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The kyriarchy usually assumes that I am the kind of woman of whom it would approve. I have a peculiar kind of fun showing it just how much I am not.

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CosimaHardy77
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According to my UK coordinator I'm eligible for NHS since I'll be in the UK for 6 months. I wont be at specific university but at an upper level high school. I looked on the NHS site and saw they had 4 sexual health clinics that are connected and the separate agency Brook. I'm waiting to get tested in the UK because I feel like I'll be more comfortable and safe(I'm from a very conservative state). I guess the hardest part was looking for clinics that offer things such as free condoms, safe sex advice, testing for stds and HIV, receiving contraception and the emergency pill. That offers these things for free or very low cost.

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Sex-Positive feminism embraces the entire range of human sexuality and is based on the idea that sexual freedom is essential component of a woman's freedom.
-Madison Brown

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Redskies
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It's all free [Smile]

With what you're describing, I do think that Brook is most likely to be the best-fitting service for you. They will be able to give you free condoms, free advice and information, help you choose contraception that's the best fit for you, get you that contraception for free, and do free STI testing. They can also give you free emergency contraception if you need it, and tell you where you can get free emergency contraception in your very local area so you know you can access it easily and quickly if you need to.

You can also get free condoms at any time from the range of NHS sexual health clinics: you can just go in when they're open and ask at the reception, or you can go to a walk-in clinic and see a nurse and ask. Free condoms are also available at many youth services and centres.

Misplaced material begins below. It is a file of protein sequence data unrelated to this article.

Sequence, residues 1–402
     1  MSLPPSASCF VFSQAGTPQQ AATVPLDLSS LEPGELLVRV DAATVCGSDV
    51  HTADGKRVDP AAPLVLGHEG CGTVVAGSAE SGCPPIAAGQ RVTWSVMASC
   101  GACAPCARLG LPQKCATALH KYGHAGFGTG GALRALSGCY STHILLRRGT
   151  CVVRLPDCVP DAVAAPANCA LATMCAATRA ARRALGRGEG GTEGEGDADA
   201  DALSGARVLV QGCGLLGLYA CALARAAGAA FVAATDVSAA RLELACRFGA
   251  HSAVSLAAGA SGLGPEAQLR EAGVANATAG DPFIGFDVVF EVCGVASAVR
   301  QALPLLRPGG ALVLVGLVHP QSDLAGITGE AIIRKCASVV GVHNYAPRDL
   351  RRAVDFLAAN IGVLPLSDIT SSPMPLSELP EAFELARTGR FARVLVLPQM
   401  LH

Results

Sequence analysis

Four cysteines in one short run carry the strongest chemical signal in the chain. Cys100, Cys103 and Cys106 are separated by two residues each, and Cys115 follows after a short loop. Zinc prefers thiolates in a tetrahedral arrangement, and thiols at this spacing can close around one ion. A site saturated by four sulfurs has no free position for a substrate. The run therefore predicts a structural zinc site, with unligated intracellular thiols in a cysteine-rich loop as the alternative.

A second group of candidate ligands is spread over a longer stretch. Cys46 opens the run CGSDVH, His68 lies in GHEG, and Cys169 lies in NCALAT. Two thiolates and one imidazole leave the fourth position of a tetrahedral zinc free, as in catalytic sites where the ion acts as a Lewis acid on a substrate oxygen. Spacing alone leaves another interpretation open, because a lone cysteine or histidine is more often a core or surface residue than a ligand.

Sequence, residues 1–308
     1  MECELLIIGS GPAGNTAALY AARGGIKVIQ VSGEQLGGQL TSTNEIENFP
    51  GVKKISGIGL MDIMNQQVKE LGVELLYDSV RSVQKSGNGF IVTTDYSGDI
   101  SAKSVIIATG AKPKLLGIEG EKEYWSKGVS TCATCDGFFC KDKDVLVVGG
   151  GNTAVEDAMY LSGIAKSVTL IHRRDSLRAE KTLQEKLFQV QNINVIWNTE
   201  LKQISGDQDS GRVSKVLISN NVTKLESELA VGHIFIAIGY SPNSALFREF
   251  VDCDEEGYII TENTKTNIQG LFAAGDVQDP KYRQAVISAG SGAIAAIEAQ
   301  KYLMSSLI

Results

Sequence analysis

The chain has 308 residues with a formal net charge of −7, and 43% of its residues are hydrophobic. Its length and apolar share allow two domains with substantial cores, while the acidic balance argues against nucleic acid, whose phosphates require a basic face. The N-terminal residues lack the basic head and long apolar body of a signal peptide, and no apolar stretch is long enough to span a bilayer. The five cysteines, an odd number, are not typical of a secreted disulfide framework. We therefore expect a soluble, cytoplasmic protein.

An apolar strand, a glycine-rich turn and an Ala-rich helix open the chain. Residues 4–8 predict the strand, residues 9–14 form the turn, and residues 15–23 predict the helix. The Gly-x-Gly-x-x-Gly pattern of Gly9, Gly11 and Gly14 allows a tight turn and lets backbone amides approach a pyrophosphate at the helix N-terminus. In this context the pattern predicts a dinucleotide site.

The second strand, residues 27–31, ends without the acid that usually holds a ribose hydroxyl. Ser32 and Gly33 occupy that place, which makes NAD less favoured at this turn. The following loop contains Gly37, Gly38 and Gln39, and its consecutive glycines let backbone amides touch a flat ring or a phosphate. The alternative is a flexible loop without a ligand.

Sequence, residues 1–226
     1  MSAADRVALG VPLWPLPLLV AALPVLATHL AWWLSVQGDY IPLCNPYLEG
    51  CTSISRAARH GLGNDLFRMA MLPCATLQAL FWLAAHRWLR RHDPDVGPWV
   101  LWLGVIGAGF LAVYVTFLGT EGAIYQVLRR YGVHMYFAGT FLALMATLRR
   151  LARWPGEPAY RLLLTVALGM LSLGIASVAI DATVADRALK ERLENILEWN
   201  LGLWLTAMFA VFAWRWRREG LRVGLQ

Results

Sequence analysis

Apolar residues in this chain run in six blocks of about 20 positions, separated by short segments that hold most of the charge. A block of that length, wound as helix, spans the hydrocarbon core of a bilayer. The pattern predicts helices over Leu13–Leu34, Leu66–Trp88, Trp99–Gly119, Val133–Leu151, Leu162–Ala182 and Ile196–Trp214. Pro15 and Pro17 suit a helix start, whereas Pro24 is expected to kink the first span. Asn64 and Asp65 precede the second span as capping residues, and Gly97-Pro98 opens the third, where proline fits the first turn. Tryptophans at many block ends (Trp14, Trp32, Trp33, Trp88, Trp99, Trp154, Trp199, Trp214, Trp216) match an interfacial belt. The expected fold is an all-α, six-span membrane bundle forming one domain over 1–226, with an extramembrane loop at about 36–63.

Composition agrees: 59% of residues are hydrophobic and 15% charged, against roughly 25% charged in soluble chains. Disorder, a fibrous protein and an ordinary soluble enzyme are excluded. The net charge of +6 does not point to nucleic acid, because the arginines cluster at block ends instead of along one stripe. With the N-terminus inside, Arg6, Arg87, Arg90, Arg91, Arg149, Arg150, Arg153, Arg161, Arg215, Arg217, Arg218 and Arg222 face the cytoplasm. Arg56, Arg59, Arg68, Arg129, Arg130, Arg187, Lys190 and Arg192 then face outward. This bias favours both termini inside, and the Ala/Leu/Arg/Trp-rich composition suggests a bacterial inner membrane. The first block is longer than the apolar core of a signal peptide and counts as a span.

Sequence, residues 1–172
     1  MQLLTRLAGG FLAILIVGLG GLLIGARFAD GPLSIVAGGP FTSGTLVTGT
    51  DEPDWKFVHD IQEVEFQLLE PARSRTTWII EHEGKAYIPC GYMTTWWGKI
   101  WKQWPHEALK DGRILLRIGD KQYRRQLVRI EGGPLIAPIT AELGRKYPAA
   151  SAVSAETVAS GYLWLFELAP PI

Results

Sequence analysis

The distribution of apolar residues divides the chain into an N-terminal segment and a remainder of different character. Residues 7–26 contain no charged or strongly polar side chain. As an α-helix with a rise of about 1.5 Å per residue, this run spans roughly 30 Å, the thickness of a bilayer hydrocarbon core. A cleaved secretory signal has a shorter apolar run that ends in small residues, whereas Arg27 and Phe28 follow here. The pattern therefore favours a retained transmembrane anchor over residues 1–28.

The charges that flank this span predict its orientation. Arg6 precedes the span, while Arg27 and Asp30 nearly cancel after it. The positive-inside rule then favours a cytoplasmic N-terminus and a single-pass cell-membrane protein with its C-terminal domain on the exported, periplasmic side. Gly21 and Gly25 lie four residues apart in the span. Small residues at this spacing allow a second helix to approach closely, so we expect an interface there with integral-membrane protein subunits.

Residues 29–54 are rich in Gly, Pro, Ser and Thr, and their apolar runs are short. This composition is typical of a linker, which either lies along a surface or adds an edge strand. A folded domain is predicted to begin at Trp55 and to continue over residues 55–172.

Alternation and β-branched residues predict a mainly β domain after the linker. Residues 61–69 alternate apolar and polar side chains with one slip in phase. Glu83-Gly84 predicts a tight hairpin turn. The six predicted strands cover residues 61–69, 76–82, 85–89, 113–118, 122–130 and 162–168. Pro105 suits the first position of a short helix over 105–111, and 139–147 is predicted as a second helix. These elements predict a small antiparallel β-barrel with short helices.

We can also give you some of our safer sex information, if you like?

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The kyriarchy usually assumes that I am the kind of woman of whom it would approve. I have a peculiar kind of fun showing it just how much I am not.

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CosimaHardy77
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Thank you so much for responding to everybody who replied. I agree Brook will probably be the best choice for me especially since there are a lot of spread out locations. I was wondering can I hear of anybody's personal experience about going to sexual health clinics in Europe or in the UK. I would love to receive the safer sex information from Scarleteen. When I get to the UK I plan on creating a special box that has goodies like condoms, lube, latex gloves, dental dams. I was wondering what else do you think I should add? I never been to sexual health clinic before so I would love to hear experiences? Really its all free?

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Sex-Positive feminism embraces the entire range of human sexuality and is based on the idea that sexual freedom is essential component of a woman's freedom.
-Madison Brown

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Redskies
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Yep, all free. I do realise how strange that must seem to people who are used to paying for these things! (I've done the reverse, myself: I now live in a place where these things are expensive out-of-pocket, and that adjustment is not the good kind of "wow", let's put it that way!) It's one thing that I think the UK does very right.

I'd suggest just looking for UK clinic experiences, as things are very different from one European country to another. For a general picture of getting STI tests, you can have a look at Testing, Testing...

Our central article on safer sex is Safe, Sound & Sexy: A Safer Sex How-To. You can also find a huge amount of information on our site about everything to do with sexual health just by clicking "sexual health" at the very top of the page, next to "Go to".

That goody box is a great plan!

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The kyriarchy usually assumes that I am the kind of woman of whom it would approve. I have a peculiar kind of fun showing it just how much I am not.

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CosimaHardy77
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I know its very surprising! What really surprises me is not only that its free but these are really high class clinics(Having all the right materials, staff offering a lot of opportunities.) I'm really happy that I'll be happy to afford the things I need for safe sex! If you don't mind me asking what part of Europe do you live in?(Redskies) I'm just curious to why its expensive to receive sexual or regular health care? The article Safe, Sound & Sexy: A safer sex how to, has been my guiding light! Thank you for the compliment about the goodie box! Do you think I should add anything else??

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Sex-Positive feminism embraces the entire range of human sexuality and is based on the idea that sexual freedom is essential component of a woman's freedom.